German names for Central European towns
This article includes a list of references, related reading or external links, but its sources remain unclear because it lacks inline citations. (May 2017) (Learn how and when to remove this template message)
This article deals with the historic German language names of towns and cities in Central Europe.
Many place names in Central Europe, mostly in the former German Empire and Austria-Hungary, but now located in non-German-speaking countries, have traditionally had equivalents in the German language. Many of them have been used for centuries by the German presence in the area, while some others were simply German transliterations of local names or names invented in the 19th or 20th centuries.
The earlier was the case with towns inhabited by Germans since the early Middle Ages until the end of Second World War, for instance Breslau, Eger, Hermannstadt or Stettin. The latter was the case of, for instance, Polish towns annexed by Prussia or Austria after the Partitions of Poland, like Chodziesen, Jarotschin or Hohensalza or in annexed Bosnia and Herzegovina.
In some cases, especially in Eastern Central Europe, towns or cities were inhabited by significant numbers of members of two or more ethnics groups, including Germans. As long as the places were part of Germany or Austria-Hungary, these German names were used invariably in German — and usually in English and most other languages too — while the local Slavic, Magyar, or Romanian inhabitants used their own names for the places in question.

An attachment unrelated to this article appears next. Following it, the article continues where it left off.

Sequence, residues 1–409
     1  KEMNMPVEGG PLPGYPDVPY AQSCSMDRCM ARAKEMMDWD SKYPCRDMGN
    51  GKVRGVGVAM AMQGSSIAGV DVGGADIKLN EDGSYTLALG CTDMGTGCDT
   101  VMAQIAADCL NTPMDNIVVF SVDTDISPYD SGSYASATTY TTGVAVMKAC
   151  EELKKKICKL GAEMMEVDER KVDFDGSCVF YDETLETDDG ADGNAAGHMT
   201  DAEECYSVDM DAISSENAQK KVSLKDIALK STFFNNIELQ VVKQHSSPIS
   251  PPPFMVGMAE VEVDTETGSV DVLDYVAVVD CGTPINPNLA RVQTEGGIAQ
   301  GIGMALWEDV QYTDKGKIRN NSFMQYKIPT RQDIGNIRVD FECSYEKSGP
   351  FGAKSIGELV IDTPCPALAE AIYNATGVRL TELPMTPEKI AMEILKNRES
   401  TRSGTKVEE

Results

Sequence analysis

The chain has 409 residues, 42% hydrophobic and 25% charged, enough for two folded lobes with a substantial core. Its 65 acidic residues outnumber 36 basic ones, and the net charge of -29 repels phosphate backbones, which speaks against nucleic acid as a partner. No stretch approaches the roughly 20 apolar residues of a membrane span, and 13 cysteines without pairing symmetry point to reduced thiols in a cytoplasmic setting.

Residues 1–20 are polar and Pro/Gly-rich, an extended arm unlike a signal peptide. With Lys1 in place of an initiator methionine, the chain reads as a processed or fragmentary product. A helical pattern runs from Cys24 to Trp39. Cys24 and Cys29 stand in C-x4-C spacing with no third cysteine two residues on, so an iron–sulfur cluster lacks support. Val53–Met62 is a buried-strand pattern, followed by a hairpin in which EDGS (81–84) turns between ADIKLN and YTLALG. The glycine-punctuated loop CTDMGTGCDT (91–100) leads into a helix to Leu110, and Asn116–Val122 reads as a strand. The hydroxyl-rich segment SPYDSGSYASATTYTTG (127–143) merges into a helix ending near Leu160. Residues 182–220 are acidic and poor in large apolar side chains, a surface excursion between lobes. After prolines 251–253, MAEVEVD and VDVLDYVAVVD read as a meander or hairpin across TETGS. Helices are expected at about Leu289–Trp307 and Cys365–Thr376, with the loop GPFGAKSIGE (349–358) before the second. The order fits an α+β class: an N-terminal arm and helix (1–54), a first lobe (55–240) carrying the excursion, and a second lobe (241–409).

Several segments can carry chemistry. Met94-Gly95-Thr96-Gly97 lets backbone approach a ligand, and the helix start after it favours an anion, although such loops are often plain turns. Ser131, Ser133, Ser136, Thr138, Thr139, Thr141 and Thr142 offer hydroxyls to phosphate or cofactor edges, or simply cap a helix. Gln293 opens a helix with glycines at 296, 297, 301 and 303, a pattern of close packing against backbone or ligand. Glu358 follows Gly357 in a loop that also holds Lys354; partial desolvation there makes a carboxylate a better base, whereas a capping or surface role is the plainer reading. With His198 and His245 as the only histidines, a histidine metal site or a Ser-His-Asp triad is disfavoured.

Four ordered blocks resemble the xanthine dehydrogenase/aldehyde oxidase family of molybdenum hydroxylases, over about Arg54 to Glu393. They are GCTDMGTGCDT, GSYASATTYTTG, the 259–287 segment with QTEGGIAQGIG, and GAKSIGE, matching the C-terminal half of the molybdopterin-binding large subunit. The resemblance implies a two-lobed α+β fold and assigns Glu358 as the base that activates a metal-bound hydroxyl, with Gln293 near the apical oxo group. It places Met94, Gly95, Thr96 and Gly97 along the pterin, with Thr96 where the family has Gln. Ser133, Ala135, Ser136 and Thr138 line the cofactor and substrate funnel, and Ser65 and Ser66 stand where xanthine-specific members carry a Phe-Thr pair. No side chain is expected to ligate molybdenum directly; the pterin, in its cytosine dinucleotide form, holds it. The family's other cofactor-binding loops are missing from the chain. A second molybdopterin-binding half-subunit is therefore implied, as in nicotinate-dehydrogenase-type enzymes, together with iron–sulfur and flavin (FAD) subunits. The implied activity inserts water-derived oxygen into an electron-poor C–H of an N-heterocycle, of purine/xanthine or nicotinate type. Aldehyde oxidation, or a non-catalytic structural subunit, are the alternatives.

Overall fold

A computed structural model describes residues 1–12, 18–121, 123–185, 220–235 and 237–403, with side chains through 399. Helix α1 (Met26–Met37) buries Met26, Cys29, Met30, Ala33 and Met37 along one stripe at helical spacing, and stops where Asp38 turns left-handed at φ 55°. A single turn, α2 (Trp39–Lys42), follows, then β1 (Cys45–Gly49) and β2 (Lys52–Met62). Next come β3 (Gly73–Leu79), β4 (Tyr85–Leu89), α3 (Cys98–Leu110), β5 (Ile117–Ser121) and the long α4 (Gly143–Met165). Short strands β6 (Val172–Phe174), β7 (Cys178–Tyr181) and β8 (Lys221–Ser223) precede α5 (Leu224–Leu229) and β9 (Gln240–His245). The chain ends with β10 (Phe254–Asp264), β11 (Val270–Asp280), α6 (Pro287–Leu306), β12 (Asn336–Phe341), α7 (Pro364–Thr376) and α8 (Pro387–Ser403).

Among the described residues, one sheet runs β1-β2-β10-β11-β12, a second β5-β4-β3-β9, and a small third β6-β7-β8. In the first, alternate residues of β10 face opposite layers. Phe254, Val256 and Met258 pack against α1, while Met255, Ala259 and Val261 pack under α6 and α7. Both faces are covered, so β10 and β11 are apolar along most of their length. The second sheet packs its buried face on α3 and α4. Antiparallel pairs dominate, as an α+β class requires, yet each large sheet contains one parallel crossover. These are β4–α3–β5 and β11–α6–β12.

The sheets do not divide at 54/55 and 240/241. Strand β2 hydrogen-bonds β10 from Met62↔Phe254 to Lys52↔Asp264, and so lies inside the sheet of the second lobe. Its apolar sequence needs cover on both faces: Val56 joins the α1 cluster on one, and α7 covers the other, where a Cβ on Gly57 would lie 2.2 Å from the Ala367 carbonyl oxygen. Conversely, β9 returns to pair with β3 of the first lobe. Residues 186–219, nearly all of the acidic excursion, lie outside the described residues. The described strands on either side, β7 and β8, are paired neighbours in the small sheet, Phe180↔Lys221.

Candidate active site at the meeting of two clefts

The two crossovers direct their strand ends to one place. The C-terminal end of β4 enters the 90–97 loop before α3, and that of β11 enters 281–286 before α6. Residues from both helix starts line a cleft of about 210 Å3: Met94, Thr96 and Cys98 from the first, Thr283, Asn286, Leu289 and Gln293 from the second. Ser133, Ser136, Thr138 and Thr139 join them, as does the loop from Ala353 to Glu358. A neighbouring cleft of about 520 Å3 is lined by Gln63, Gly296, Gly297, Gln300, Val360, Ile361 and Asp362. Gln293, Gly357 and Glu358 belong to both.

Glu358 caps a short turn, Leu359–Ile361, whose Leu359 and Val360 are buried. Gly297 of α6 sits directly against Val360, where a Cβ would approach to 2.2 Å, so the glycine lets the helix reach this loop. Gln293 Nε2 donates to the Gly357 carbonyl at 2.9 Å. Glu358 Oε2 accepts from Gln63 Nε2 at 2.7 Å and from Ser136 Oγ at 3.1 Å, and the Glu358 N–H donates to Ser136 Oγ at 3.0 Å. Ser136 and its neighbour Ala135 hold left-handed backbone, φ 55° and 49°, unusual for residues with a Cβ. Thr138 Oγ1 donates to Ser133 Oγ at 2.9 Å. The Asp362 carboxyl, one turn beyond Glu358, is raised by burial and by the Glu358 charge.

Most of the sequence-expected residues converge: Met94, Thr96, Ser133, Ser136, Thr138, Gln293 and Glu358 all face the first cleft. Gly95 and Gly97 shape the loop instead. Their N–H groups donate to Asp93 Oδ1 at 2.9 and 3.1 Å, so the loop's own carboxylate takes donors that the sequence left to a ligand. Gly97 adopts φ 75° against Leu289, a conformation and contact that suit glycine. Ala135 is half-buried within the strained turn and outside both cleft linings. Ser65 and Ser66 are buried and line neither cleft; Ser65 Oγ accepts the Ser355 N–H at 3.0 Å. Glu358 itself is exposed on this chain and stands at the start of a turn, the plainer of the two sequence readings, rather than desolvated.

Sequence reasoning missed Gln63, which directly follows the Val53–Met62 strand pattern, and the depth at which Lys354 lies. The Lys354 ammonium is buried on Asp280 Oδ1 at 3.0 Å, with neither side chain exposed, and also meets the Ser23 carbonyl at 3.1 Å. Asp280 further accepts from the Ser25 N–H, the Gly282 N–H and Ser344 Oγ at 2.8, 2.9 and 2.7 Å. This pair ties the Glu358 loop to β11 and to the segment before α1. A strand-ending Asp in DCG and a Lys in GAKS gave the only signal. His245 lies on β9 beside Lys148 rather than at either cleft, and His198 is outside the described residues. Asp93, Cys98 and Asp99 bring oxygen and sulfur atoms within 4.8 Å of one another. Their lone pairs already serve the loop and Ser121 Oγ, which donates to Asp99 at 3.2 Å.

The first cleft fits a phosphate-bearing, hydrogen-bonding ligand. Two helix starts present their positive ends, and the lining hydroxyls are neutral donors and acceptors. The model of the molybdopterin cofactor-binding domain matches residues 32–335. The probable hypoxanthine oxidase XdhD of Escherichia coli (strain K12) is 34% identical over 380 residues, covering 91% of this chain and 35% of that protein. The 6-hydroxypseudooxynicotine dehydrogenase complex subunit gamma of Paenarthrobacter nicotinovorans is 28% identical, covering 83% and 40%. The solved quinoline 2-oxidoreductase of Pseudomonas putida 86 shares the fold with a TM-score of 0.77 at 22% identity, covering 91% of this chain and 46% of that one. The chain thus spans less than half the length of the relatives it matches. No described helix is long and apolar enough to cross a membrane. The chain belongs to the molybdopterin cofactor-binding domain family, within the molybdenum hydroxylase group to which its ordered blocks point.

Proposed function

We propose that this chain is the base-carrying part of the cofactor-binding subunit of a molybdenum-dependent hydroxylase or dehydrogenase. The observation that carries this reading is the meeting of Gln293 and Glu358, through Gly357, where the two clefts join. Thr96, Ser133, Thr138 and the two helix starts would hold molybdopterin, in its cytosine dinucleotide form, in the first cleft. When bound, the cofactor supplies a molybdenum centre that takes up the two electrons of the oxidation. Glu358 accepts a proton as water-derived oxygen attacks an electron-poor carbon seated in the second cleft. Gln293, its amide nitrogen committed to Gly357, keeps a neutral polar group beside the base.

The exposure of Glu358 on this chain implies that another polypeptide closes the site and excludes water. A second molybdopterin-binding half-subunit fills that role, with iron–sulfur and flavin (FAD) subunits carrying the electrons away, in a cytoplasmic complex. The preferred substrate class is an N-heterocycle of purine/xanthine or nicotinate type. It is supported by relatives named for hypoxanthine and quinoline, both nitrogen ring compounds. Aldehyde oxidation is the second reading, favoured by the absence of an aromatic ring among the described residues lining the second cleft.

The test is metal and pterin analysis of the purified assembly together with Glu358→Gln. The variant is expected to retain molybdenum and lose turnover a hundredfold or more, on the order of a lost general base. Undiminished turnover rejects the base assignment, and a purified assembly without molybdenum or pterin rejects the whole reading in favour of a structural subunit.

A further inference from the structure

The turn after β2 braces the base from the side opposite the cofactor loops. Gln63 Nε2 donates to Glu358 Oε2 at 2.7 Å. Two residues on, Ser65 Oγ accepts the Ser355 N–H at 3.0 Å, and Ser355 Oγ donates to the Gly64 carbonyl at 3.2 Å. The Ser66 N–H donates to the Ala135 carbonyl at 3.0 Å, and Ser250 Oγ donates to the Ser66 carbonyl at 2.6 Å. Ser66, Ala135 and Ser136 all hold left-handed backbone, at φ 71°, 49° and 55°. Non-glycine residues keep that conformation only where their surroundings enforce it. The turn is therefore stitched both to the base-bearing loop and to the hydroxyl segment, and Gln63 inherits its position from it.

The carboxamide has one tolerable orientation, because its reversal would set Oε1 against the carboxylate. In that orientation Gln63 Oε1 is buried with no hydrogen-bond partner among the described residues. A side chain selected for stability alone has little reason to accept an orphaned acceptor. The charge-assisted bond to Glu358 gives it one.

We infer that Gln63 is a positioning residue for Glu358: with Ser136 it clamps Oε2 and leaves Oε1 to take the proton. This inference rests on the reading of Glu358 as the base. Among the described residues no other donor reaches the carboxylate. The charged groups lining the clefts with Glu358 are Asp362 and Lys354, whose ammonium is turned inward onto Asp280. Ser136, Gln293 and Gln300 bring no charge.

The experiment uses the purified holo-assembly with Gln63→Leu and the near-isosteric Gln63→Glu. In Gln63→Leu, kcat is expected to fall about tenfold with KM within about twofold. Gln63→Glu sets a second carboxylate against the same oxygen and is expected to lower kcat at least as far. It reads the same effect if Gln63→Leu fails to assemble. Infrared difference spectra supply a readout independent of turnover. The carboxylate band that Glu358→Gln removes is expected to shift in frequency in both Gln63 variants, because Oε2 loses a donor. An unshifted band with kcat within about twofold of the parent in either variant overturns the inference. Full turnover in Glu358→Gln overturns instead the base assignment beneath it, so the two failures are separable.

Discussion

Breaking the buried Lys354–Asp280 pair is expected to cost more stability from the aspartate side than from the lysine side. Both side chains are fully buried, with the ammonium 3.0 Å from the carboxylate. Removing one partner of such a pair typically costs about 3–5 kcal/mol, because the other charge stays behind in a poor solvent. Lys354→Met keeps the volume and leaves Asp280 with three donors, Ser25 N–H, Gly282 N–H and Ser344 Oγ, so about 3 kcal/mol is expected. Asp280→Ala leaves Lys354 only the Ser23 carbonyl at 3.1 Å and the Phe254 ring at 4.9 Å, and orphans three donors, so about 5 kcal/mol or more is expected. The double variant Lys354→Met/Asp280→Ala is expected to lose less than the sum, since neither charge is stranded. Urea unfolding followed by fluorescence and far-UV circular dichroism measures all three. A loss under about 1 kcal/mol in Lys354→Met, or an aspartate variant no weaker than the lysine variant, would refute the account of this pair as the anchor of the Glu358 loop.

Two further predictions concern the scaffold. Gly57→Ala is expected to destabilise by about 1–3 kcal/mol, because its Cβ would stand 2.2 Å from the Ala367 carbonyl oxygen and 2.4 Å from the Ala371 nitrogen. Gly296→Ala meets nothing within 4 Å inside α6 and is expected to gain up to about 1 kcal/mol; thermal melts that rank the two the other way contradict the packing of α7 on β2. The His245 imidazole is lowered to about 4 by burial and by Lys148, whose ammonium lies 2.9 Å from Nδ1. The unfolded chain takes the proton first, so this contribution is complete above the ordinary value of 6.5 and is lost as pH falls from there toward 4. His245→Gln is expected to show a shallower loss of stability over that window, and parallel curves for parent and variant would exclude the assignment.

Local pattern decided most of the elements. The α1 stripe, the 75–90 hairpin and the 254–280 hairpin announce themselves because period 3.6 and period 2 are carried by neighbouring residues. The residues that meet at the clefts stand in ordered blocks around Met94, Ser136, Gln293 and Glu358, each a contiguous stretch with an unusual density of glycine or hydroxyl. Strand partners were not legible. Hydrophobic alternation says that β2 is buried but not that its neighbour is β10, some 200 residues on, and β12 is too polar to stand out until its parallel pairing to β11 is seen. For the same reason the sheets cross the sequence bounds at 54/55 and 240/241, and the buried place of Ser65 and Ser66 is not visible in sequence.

After World War II, when the German population of this region was largely expelled, the German names were replaced by names in the local language, often to conceal the German settlement history. In the particular case of Poland, a commission was tasked with forming new Polish names for places that had -- absent a Polish population before 1945 -- no established Polish names. German names of major cities like Danzig, Königsberg or Breslau are still recognizable and frequently used in Germany (Danzig about half the time; Breslau somewhat less). In only a few cases, the use of the German name persists invariably, i.e. in the case of capital cities like Prague or Warsaw, which are almost exclusively referred to by their German names (Prag, Warschau), just as they have separate names in English and other languages.
In marked difference to the situation in Eastern Europe, formerly German-settled regions in France, notably, Alsace have largely kept the original German town names and toponyms, with only the spelling adapted to allow French-speaker to pronounce the names.
- Bosnia and Herzegovina
- Czech Republic
- Denmark (South Jutland County)
- France (Alsace and Lorraine)
- Italy (South Tyrol)
- Romania (Transylvania)
- Russia (Kaliningrad Oblast)
- Serbia (Vojvodina)
- Exonym and endonym
- German exonyms
- German placename etymology
- List of English exonyms for German toponyms
- List of European exonyms
- Wortschatz-Datenbank, a page listing the usage of words in German newspapers; searches for old German names of now-Polish cities show that most of their use is in historical contexts, while the Polish names are generally used when reference is made to the present-day cities
- Index of German-Polish and Polish-German names of the localities in Poland & Russia